Vibrio cholerae

by Bernice Samuel and Jasraj Kaur

Introduction

Vibrio cholerae is a member of the Vibrionaceae family and exists as a facultative anaerobic bacterium characterized by its non-pore forming, Gram-negative behaviour and comma shape. V. cholerae was first isolated as the cause of cholera by an Italian anatomist in 1854 but his research was not broadly recognized until later in 1884. Cholera is an acute state whereby a person suffers from severe watery diarrhea which leads to dehydration and even death if untreated. The main sources of V. cholerae are human faeces and water.

Disease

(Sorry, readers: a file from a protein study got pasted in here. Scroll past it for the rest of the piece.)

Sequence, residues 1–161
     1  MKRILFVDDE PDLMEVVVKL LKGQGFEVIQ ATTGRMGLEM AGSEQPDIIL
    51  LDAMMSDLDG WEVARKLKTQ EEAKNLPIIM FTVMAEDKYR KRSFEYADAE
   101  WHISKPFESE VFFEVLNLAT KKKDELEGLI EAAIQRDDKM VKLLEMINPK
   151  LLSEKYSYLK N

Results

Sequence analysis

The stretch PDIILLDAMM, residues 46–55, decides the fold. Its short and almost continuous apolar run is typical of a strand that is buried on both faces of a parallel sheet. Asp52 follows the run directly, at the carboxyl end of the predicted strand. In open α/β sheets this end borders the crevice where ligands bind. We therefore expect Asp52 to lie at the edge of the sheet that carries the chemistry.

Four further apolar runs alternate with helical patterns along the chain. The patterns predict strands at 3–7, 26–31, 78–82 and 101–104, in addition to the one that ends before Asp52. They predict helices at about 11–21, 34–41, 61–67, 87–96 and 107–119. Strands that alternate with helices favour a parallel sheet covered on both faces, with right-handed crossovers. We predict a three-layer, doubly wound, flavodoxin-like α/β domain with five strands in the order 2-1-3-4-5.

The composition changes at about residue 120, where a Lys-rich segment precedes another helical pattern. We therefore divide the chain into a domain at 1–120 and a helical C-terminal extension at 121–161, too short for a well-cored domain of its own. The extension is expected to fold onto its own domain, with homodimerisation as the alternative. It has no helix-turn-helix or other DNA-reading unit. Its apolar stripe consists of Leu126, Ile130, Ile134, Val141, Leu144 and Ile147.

V. cholerae is transmitted through the ‘fecal – oral route’. In the last phase of causing disease, it escapes into the feces which enables it to enter water. In places where sanitary water is unavailable, the pathogen is quick to be transmitted orally. Once it reaches the stomach, the acidity is a great protective mechanism and destroys V. cholerae almost entirely. However, a small amount makes it to the bowel of the small intestine where it is able to re-establish its population. Through the production of toxins, epithelial cells in the small intestine are induced to secrete vast amounts of electrolytes and water. This excess fluid is excreted from the body in the form of diarrhea and to a lesser extent vomiting. The amount of water loss varies between individuals, depending on the strain they are infected with and the amount that colonizes in the bowel. It is important to note that most strains are ‘free – living’ (can live independently without a host) and only a few such as the O1 and O139 are responsible for causing disease. Individuals accredited with having cholera release life-threatening levels of water (as much as 20L a day) which, in turn, results in hypovolemic shock. In simple terms, the excessive loss of fluid prevents the heart from pumping enough blood to the body, resulting in a weakened pulse. Other symptoms defining the onset of cholera include having muscle cramps, a scaphoid abdomen and loss of skin turgor. In other words, the elasticity of the body’s organs dampen. Furthermore, if the individual is not hospitalized, a new condition called tubular necrosis develops whereby the epithelial cells of the kidney die, immediately resulting in the death of the individual.